# [Retros] Series proof games leading to a checkmate in one move.

**Francois Labelle**
flab at wismuth.com

*Thu Nov 4 00:36:51 EDT 2010*

Hi Nicolas,

Nice challenge... for a computer!

I searched all such problems for N <= 12, and for N <= 9 + rank(wk),

where rank(wk) is the rank of the white king in the final position. I

found the following improvements (I also list ties if they're different

enough):

Pa7, 1 fewer capture

1.e3 5.Kb5 6.c4 7.Qa4 8.b3 10.Bxe7 12.Ba5 a6#

Pe7, 1 fewer move (2 different solutions)

1.c4 3.Qxa7 4.Qe3 5.d4 9.Kd5 10.Qe4 12.Be5 e6#

1.g4 4.Bxh7 6.Ba6 7.d3 11.Kg5 12.Bf4 e6#

Pg7, no improvement but different

1.c3 3.Qg4 4.d4 5.Bg5 6.f4 10.Kh5 11.h4 g6#

Ra8, no improvement but different

3.Nb5 4.d4 7.Kb4 8.c3 10.Qxa7 11.Qxb7 12.Qa6 13.Ka5 14.b4 Rxa6#

Because I did an exhaustive search up to N = 12, all the records with N

<= 12 are optimal. In addition, the record for Pd7 must be optimal

because it has 13 moves and no captures.

OTHER NEWS

I realize I haven't posted here in a while! I got some new computer

results in the last 3 years. I know all the proof games in 5.0 moves,

all the checkmate proof games in 6.0 moves, and all the one-sided proof

games in 11 moves. I haven't data-mined any of it yet, except for this

problem

rn1qkbnr/ppp2ppp/8/3p4/8/1b1P4/PP2PPPP/RNBQKBNR PG in 5.0 moves, 3

solutions

which is probably the best 3-solution PG of that length, and was used in

the Messigny 2008 retro solving contest.

Also Berkeley just closed my e-mail and web accounts, so I'm moving my

chess page from

http://www.cs.berkeley.edu/~flab/chess/chess.html to my own domain at

http://wismuth.com/chess/chess.html

My new e-mail address is the one I'm using for this message.

Francois

On Fri, 2010-10-22 at 12:37 +0200, Nicolas Dupont wrote:

>* Dear retro fans,
*

>*
*

>* The following series (exact) proof game has been discovered some years
*

>* ago, by various members of the french website France-Echecs :
*

>*
*

>* 1.c3 2.Qa4 7.Ka5 8.b4
*

>*
*

>* It leads to a checkmate in one move by the black side, namely c6#, and is
*

>* probably the shortest series proof game permitting such a #1.
*

>*
*

>* You can regard this as a kind of helpmate series problem, beginning with
*

>* the initial game array (and with reverse colors, i.e. we prefer white to
*

>* begin than black, this is more natural in that setting).
*

>*
*

>* Here the last move is with the c-pawn, and N, the number of white moves,
*

>* is 8. Andrew Buchanan and I proposed to extend this result, by asking :
*

>*
*

>* For each of the remaining black 15 pieces, which is the minimum value of N
*

>* achievable ?
*

>*
*

>* The massed brains of France-Echecs have achieved the following records
*

>* (thanks to Popeye, each of them is C+). Will you be able to beat some of
*

>* them ? Note that the above question makes also sense for black's 0-0 and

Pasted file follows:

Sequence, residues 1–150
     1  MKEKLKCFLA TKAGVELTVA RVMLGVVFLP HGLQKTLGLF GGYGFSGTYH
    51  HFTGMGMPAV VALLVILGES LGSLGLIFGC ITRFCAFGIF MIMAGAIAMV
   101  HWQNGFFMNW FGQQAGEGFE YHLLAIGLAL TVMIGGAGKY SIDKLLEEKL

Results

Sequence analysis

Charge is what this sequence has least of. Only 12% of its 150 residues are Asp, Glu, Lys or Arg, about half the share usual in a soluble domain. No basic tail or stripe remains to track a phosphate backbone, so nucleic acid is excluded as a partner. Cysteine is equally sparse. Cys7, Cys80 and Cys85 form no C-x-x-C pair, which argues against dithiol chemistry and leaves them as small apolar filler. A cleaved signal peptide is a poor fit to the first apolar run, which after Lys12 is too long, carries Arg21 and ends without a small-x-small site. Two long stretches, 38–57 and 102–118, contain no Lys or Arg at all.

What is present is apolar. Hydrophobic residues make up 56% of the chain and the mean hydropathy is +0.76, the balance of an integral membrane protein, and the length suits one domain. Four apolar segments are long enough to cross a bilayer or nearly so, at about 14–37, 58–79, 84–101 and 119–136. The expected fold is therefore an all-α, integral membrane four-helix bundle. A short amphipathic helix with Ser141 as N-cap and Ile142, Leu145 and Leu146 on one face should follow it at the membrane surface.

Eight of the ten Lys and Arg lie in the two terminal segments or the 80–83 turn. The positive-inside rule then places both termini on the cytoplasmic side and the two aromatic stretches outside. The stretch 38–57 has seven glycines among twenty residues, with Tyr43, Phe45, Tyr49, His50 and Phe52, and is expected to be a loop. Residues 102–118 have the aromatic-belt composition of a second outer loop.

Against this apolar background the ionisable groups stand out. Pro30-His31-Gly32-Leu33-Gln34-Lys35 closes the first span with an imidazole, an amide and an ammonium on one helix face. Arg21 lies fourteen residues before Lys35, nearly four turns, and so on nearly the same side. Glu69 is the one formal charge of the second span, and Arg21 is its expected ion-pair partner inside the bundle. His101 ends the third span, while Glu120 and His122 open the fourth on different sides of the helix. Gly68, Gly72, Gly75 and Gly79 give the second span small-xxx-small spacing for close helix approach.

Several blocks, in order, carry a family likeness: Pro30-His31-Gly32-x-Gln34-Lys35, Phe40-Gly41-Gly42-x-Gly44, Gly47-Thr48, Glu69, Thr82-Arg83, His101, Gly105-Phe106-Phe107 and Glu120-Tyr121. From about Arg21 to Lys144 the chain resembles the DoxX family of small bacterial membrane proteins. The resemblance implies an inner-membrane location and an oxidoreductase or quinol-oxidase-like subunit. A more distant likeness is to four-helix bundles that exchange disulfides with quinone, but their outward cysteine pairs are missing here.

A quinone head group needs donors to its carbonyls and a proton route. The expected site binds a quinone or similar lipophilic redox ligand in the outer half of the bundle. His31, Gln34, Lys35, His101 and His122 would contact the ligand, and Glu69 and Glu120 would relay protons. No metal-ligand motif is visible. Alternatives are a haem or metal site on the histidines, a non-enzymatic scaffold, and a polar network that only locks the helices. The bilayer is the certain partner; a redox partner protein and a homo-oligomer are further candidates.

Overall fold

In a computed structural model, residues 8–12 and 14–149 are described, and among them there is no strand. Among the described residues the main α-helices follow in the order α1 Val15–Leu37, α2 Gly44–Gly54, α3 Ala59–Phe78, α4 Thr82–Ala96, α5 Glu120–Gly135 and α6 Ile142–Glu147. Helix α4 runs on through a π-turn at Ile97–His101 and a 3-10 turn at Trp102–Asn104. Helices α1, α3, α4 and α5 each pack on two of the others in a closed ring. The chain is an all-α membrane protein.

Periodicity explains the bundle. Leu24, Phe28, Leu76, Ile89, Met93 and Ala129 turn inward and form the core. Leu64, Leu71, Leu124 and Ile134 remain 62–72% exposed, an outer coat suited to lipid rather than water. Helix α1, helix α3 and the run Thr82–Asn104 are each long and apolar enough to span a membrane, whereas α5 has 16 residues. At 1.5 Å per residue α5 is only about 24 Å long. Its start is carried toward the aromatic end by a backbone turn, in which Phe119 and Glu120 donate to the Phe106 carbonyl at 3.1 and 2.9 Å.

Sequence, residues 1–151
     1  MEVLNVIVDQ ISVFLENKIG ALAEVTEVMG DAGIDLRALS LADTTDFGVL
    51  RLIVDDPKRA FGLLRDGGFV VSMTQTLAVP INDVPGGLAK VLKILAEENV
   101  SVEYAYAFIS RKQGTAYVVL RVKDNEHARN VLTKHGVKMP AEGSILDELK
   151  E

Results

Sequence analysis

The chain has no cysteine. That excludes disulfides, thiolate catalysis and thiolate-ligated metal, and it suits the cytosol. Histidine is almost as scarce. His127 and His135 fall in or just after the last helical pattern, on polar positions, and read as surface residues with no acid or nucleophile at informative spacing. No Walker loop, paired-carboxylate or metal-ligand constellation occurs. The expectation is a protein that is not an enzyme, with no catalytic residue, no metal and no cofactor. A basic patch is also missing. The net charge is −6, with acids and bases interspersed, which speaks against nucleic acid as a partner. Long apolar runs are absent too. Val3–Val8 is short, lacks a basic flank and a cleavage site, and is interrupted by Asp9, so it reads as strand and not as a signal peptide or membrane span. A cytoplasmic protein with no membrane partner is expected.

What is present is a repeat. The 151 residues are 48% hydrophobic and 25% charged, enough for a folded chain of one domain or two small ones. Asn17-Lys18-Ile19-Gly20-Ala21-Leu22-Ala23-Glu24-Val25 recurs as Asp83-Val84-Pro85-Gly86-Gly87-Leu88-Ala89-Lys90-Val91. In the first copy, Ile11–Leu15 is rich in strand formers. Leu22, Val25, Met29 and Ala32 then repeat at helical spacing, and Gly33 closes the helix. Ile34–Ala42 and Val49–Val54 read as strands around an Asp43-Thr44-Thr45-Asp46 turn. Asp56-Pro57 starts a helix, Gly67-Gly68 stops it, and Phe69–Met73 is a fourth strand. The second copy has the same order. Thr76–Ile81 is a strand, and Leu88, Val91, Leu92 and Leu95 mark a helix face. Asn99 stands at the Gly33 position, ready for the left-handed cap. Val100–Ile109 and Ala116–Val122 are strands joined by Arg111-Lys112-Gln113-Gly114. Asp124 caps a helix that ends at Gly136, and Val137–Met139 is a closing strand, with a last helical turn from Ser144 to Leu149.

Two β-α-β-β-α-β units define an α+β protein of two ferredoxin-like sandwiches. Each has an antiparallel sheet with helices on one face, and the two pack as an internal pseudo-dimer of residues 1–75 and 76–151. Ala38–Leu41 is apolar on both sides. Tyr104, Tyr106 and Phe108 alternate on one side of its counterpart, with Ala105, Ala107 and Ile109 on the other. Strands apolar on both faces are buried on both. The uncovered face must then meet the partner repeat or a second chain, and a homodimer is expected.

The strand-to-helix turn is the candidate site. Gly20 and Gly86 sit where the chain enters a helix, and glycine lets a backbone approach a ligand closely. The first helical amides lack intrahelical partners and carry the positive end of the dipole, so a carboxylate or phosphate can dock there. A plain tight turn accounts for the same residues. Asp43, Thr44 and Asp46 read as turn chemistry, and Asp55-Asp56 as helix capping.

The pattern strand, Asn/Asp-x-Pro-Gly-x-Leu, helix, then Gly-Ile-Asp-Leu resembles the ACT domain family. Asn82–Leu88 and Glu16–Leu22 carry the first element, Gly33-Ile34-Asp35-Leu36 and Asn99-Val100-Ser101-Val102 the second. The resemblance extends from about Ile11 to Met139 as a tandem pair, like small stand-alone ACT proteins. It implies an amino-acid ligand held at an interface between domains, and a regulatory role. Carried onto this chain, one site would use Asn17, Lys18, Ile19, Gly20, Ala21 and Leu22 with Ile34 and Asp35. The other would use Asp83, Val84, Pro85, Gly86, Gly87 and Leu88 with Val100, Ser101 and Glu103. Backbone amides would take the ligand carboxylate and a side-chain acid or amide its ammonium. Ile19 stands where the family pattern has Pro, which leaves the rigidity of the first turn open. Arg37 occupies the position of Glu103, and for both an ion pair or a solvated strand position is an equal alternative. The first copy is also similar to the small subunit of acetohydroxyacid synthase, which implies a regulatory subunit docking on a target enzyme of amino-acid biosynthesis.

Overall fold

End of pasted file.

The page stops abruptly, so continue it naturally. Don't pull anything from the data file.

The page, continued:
*

>* 0-0-0, but we were unbable to find a solution in those tricky cases. Note
*

>* also that the black move has not to be unique, neither giving check, i.e.
*

>* we only need that a move by the selected black piece leads to a checkmate.
*

>*
*

>* Our purpose is to write an article incorporating the best results, with
*

>* the scope that they are really the length records. That is why we need
*

>* your help... If you are able to show a game with same number of
*

>* moves, but fewer captures, this is considered as an improvement.
*

>*
*

>* Thanks and all the best,
*

>*
*

>* Nicolas.
*

>*
*

>* Pa7 (Nicolas Dupont) 12 moves
*

>* 1.e3 2.Bb5 3.d3 7.Ka5 8.b4 10.Bxg7 12.Bb6 and then axb6#
*

>*
*

>* Pb7 (Arthur Dupont) 11 moves
*

>* 1.a4 3.Rh3 4.e3 5.Bb5 6.d3 10.Ka5 11.b4 and then b6#
*

>*
*

>* Pc7 (France-Echecs) 8 moves
*

>* 1.c3 2.Qa4 7.Ka5 8.b4 and then c6#
*

>*
*

>* Pd7 (Jean-Christian Galli) 13 moves
*

>* 2.a5 4.Re4 5.d4 9.Ke5 10.Bf4 11.e3 13.Bd5 and then d6#
*

>*
*

>* Pe7 (Jean-Christian Galli) 13 moves
*

>* 2.h5 4.Rd4 5.e4 9.Kd5 10.Bc4 11.d3 13.Be5 and then e6#
*

>*
*

>* Pf7 (Jacques Dupin) 12 moves
*

>* 1.h4 4.Rxd7 6.Re4 7.d4 11.Ke5 12.Bf4 and then f6#
*

>*
*

>* Pg7 (Arthur Dupont) 11 moves
*

>* 1.h4 3.Ra3 4.d3 5.Bg5 6.e3 10.Kh5 11.Qg4 and then g6#
*

>*
*

>* Ph7 (Nicolas Dupont) 12 moves
*

>* 1.d3 2.Bg5 3.e3 7.Kh5 8.g4 10.Bxb7 12.Bg6 and then hxg6#
*

>*
*

>* Ra8 (Andrew Buchanan) 14 moves
*

>* 4.axb7 5.Rxa7 7.Rh3 8.d3 10.Nf3 11.Bd2 12.Qa1 14.Kc1 and then Rxa1#
*

>*
*

>* Nb8 (Jacques Dupin) 12 moves
*

>* 1.h4 4.Rxd7 6.Re4 7.d4 11.Ke5 12.Bf4 and then Nc6#
*

>*
*

>* Bc8 (Jean-Christian Galli) 14 moves
*

>* 4.dxe7 5.exf8=B 7.Bfg3 8.Bcf4 9.e3 13.Kh3 14.Qxd7+ and then Fxd7#
*

>*
*

>* Qd8 (Andrew Buchanan) 10 moves
*

>* 4.fxe7 5.exf8=N 6.Nxd7 9.Nh6 10.g4 and then Qh4#
*

>*
*

>* Ke8 (Nicolas Dupont & Jean-Christian Galli) 28 moves
*

>* 1.a4 4.Rxh7 6.Re3 11.hxg8=N 13.Nxf7 14.Nxh8 16.Nxf8 19.Nfb5 20.d4
*

>* 27.Kh8 28.Rh7 and then Kf7#
*

>*
*

>* Bf8 (Nicolas Dupont & Andrew Buchanan) 15 moves
*

>* 1.a4 4.Rxd7 5.d3 6.Bf4 7.e3 9.Bh5 10.f3 13.Kh4 14.Bg3 15.Rxe7+ and then
*

>* Bxe7#
*

>*
*

>* Ng8 (Nicolas Dupont) 11 moves
*

>* 1.h4 4.Rg5 5.g3 6.Bh3 11.Kh5 and then Nf6#
*

>*
*

>* Rh8 (Andrew Buchanan) 12 moves
*

>* 4.hxg7 5.Rxh7 7.Ra3 8.e3 10.Nc3 11.Be2 12.Kf1 and then Rh1#
*

>*
*

>*
*

>*
*

>*
*

>* _______________________________________________
*

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*

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*

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